That’s actually a very good hit-rate for a magazine — even with a specialist mag you’d be hard-pressed to find someone who loved every single element of a given issue — but I was more used to anthology comics where I’d skip maybe one story out of six. While I did enjoy a lot of the articles in Look Alive, the other stuff just left me completely cold.

Since Look Alive only ran for five issues, and I have all five (except for the free poster-mags: I know I must have had them — because the ends of the magazines’ staples are not lying flat, indicating that something was pulled out of the middle pages — but I can only remember the Genghis Grimtoad poster/map from #3, and I’ve no idea what happened to it), let’s extend my analysis for the whole run, putting Rusty’s Feature Interest Index (i.e., marks out of ten for how much I care about the topic) for each feature on a nice little graph…

look alive interest level
The red line indicates my ongoing average level of interest. That’s not much use to anyone, I know, but the data is there so I might as well present it, right?

Look Alive was a brave experiment, and it’s a shame it didn’t catch on because the potential was enormous. But it’s also no surprise, with hindsight: the market just wasn’t there.

A few years later, Newsfield Publications — which had experienced tremendous sales and acclaim with their computer games magazines Crash, Zzap! 64 and Amtix — attempted a similar late-teenage boys’ lifestyle magazine, LM, but with even less success than Look Alive: it lasted a mere four issues.

It was another decade before male-targeted lifestyle magazines like Loaded — aimed at even older readers, and with rather more “grown-up” content — would see lasting success. Whether or not that was a good thing… is outside the scope of this article!

Look Alive‘s strongest feature, in my opinion, was The Chronicles of Genghis Grimtoad. Eight years later it was revived — with its existing ten pages redrawn by Ian Gibson, and with John Wagner now credited as co-writer — in Marvel UK’s Strip magazine, which ran from 17 February to 10 November 1990, for twenty issues.

For those interested in such things, and indeed also for those who aren’t, I present here the first episode of both the Look Alive and Strip versions… Same script, different artists!

grimtoad la 01
grimtoad la 02

grimtoad gn 01
grimtoad gn 02

grimtoad gn cover sLater still, the story was completed and published by Marvel as a 48-page graphic novel.

It ends with “Here ends Book One of the Grimtoad Chronicles” but — to the best of my knowledge — it has yet to be continued, but it’s well-worth a read if you can track down a copy.

(Note to publishers: how about a new edition of the book, complete with the Look Alive pages along with the poster and map given away with issue #3? That’d be great, thanks!)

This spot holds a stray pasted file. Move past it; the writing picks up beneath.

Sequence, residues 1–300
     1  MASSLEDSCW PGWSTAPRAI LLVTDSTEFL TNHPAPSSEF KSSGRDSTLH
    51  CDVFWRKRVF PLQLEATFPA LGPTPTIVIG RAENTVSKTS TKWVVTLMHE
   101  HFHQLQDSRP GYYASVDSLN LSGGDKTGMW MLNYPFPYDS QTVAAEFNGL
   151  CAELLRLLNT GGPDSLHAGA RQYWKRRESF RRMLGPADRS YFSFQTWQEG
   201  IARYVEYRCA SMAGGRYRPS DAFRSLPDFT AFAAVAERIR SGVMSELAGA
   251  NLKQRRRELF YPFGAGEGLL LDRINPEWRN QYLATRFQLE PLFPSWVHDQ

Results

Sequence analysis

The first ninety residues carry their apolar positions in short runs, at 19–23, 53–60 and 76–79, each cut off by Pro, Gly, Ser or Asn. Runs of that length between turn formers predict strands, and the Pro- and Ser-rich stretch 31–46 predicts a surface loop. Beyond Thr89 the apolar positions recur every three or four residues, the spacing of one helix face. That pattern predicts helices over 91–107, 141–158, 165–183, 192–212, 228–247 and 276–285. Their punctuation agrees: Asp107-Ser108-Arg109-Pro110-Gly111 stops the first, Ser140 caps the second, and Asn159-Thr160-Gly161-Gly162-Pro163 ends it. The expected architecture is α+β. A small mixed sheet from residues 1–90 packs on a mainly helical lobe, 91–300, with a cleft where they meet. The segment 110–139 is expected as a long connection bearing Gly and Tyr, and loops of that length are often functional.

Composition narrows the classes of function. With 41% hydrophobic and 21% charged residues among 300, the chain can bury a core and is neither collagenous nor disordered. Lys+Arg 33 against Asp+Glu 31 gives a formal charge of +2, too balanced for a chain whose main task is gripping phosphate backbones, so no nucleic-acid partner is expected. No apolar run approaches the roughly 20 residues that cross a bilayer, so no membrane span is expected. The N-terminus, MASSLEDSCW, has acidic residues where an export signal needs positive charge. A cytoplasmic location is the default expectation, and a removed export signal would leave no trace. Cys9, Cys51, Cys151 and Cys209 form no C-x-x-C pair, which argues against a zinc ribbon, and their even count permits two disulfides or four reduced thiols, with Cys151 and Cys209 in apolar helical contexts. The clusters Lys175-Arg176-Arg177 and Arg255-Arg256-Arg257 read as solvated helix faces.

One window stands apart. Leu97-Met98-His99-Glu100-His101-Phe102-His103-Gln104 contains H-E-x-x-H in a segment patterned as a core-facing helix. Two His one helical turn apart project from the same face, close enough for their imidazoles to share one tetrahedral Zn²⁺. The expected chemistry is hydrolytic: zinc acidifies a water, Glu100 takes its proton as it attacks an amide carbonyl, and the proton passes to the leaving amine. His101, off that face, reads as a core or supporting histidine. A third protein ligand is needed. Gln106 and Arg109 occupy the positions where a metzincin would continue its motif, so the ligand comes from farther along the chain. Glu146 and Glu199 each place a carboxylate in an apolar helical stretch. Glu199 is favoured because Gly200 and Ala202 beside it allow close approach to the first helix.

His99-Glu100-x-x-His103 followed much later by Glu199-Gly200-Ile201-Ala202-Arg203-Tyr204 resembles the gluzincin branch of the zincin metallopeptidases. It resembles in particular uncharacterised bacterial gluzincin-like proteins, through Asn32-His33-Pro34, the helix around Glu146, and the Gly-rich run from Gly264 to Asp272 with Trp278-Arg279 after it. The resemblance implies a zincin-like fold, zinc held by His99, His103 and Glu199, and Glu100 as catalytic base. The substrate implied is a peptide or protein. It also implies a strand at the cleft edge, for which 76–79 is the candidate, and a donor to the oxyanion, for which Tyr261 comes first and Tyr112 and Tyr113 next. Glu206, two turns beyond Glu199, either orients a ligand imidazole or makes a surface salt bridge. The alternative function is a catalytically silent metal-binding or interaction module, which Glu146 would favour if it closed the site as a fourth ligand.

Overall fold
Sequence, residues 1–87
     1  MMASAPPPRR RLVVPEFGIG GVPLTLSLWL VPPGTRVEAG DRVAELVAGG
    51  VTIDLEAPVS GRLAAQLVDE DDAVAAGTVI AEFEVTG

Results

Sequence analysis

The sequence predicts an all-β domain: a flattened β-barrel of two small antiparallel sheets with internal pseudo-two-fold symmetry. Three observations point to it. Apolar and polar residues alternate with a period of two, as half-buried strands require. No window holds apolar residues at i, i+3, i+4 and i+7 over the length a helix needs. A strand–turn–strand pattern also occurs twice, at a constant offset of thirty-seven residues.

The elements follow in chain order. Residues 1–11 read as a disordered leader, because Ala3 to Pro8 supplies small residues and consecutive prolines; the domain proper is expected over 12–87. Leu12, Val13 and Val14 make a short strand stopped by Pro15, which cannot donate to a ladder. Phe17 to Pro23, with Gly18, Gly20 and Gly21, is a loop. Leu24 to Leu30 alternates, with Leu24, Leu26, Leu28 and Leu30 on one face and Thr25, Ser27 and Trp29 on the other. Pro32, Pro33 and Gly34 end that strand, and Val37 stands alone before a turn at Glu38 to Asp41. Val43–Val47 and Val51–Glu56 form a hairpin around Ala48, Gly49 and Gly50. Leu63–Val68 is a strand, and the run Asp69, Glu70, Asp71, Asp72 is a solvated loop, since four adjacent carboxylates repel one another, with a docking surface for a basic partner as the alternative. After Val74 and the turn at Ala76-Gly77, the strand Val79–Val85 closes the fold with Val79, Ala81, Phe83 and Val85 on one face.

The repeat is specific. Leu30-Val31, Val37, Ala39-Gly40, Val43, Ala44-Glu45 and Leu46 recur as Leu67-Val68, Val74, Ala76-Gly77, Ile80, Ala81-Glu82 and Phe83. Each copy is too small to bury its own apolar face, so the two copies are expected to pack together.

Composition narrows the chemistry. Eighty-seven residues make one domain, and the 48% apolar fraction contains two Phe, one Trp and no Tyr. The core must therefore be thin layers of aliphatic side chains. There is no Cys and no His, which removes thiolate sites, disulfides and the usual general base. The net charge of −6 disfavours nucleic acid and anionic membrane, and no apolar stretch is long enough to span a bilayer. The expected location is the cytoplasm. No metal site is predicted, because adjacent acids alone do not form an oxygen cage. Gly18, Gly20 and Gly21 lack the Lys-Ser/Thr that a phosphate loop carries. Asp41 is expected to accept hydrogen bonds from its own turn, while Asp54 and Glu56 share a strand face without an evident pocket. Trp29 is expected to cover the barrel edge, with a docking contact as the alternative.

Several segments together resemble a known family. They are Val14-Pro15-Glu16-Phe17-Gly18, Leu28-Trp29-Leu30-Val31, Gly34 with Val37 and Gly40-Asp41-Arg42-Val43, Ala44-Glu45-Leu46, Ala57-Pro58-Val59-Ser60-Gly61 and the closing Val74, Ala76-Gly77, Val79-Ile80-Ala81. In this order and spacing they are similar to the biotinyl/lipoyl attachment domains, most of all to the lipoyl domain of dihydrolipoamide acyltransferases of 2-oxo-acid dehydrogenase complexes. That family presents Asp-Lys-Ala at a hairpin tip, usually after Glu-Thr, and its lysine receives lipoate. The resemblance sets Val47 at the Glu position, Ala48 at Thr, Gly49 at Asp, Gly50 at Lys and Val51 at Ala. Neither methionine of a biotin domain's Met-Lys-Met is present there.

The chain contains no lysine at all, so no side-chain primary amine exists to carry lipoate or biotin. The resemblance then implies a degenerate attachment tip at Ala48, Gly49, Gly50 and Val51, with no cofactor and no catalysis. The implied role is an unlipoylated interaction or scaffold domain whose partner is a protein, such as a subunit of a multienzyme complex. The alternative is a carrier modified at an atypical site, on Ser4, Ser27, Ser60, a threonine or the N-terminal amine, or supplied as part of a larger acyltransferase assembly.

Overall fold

Bonus: As is well known, comics fans are extremely fashion-conscious and trendy and “with it” and such, so here’s a closer look at the fashion pages from the first issue of Look Alive:

look alive fasion 1

look alive fasion 2

12 thoughts on “In-Shallow Profile: Look Alive magazine

  1. Thanks for uploading this article Mike, any chance you could do an article on the street level fashion section?
    As its to small to look at on my ipad.

    Just brought a copy of issue 3 for the poster,some incredible art on Grimtoad.

    It many be an interesting comparison to note further to my earlier comment that the magazine uses a lot of similar graphical styles to the 82 Eagle which was more in my age range at the time, so much so that id say the magazine is very much like the Eagle without the comic/photo strip element and would maybe make sense that some of the same models were used for photo shoots.

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    1. Hi Matt,
      I’m not going to do an entire article on just one two-page feature from the mag! But what I will do is add the two fashion pages to the original article in a more readable size! Shouldn’t take more than a few minutes…

      Like

  2. Thanks mike,
    Interesting to read that one lad spent £60 on fashion in 1981 thats got to be like spending a couple of hundred quid these days,would have kept my young self in comics for years back then.

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  3. I can report that issue 1 and at least issue 4 made it here to New Zealand and into my hands, I still possess the stealth aircraft poster from the latter. The publication would have folded several months before the last issue reached us..all the UK magazines were around 3 or 4 months old by the time they reached the local shops back in those days. I think it was bought it as a gift to keep me quiet when I visited my grandmother..has links to that in my memory anyway.